Today, I'd like to talk a little about Nguyen Tuong Van. In case you've been hiding under a rock for a while, he's the 25-year old Australian Viet who's about to be hanged in Singapore for smuggling 396g of heroin.
The Australian government's been trying its hardest to plead for clemency, with everyone from John Howard to Alexander Downer chipping in to try to persuade the Singaporean government not to hang the guy.
Obviously, it's not working. You didn't really expect the Singapore government to just go "Oh. No hanging? Oh, okay, sure thing" did you? Of course not; both sides know what has to happen. And y'know what I think? Good on them; everyone's playing their parts and in a few weeks, this whole mess will be over.
If I seem insensitive, do forgive me; I confess I don't even know the guy. What I do know is this, though: Singapore cannot afford not to hang him, for a few reasons.
Firstly, it must establish that anyone who traffics more than the "allowed" amount of drugs will be hanged. Anyone. Whether you're black, white or asian, Singaporean or Australian, you will receive the mandatory death penalty.
Secondly, it must show that the law will not succumb to external pressure. Once you're in our jurisdiction, you either play by our rules, or suffer our penalties. And no amount of pleading and prodding will help you.
Thirdly, the law must be upheld. A law is not a law if there isn't absolute certainty that penalties for infringement will be carried out. For example, there's no point having a law against corruption if corruption is tolerated. You know what I'm talking about.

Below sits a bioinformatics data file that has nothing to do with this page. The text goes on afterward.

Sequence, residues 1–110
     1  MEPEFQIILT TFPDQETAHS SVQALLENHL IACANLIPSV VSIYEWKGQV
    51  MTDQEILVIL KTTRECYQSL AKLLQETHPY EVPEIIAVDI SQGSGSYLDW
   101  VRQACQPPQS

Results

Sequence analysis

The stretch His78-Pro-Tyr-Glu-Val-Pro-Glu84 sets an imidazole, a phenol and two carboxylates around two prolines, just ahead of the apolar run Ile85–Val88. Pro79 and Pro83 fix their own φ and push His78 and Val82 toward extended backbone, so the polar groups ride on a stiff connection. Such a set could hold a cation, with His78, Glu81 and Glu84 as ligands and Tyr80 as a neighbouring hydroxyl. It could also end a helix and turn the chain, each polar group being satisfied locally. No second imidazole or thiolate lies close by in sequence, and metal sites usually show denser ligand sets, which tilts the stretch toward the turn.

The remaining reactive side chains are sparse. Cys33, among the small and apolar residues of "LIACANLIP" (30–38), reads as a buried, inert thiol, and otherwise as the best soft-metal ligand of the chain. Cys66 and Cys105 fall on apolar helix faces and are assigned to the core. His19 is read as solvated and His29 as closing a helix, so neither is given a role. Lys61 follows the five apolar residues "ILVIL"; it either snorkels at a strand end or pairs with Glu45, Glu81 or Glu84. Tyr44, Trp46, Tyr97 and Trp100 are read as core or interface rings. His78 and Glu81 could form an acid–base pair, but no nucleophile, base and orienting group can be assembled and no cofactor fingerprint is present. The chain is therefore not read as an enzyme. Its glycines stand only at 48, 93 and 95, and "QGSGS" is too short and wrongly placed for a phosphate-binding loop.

What I really enjoy reading, though, is reports/opinions that state with absolute certainty and steadfast conviction that capital punishment is ineffective as a deterrant. Most of these then go on to point at "examples" like trafficking in Indonesia, and heroin production in Afghanistan.
Now, I don't know about Indonesia and Afghanistan, but in Singapore, you can be hung for drugs, murder, kidnapping, treason and firearms. Ever wonder why you can't just buy dope off the street in Singapore, like you can in Melbourne's Chinatown? Or why we don't get that many murders, or kidnappings? How about robberies involving guns? So yeah, I don't know about all those other countries, but it certainly seems to be working for us.
Also, is it just me, or have a lot of Australians been arrested for drug smuggling lately? Just from recent memory I recall the Corby chick in Indonesia, the so-called "Bali Nine", and that other Australian lady who was bouncing back and forth between Canada and the Carribean. What's up with that?
Anyway, this Nguyen guy. Some people say he should be let off the noose because he's a really decent guy. Apparently, he agreed to be a "mule" to pay off his twin brother's drug-related debts. Others are saying he should be given leniency because he confessed to the crime. The second one's a little ridiculous since he was pretty much caught with the drugs strapped to his body.
Now I'm not saying it wasn't a really noble thing for him to do, risking his own life for his brother's. Hey, that's what blood's about, right? It's the epitome of brotherhood: placing your brother's life before your own. He really is a genuine hero.
The only problem is that he knew. He knew what was going to happen if he got caught. He understood the risks he was taking, yet he chose to go ahead anyway. And while I admire his courage, he has to face the consequences of his decision. Hell, that's what makes it so admirable in the first place.
So yes, honour him as a good brother and a brave hero, but let him face the consequences of his choice.
And let it forever stand as a testimony to all: Our house, our rules. No negotiation.
Other opinions: UncleBeng, Dodge, an Australian
Tags: singapore, death penalty, nguyen tuong van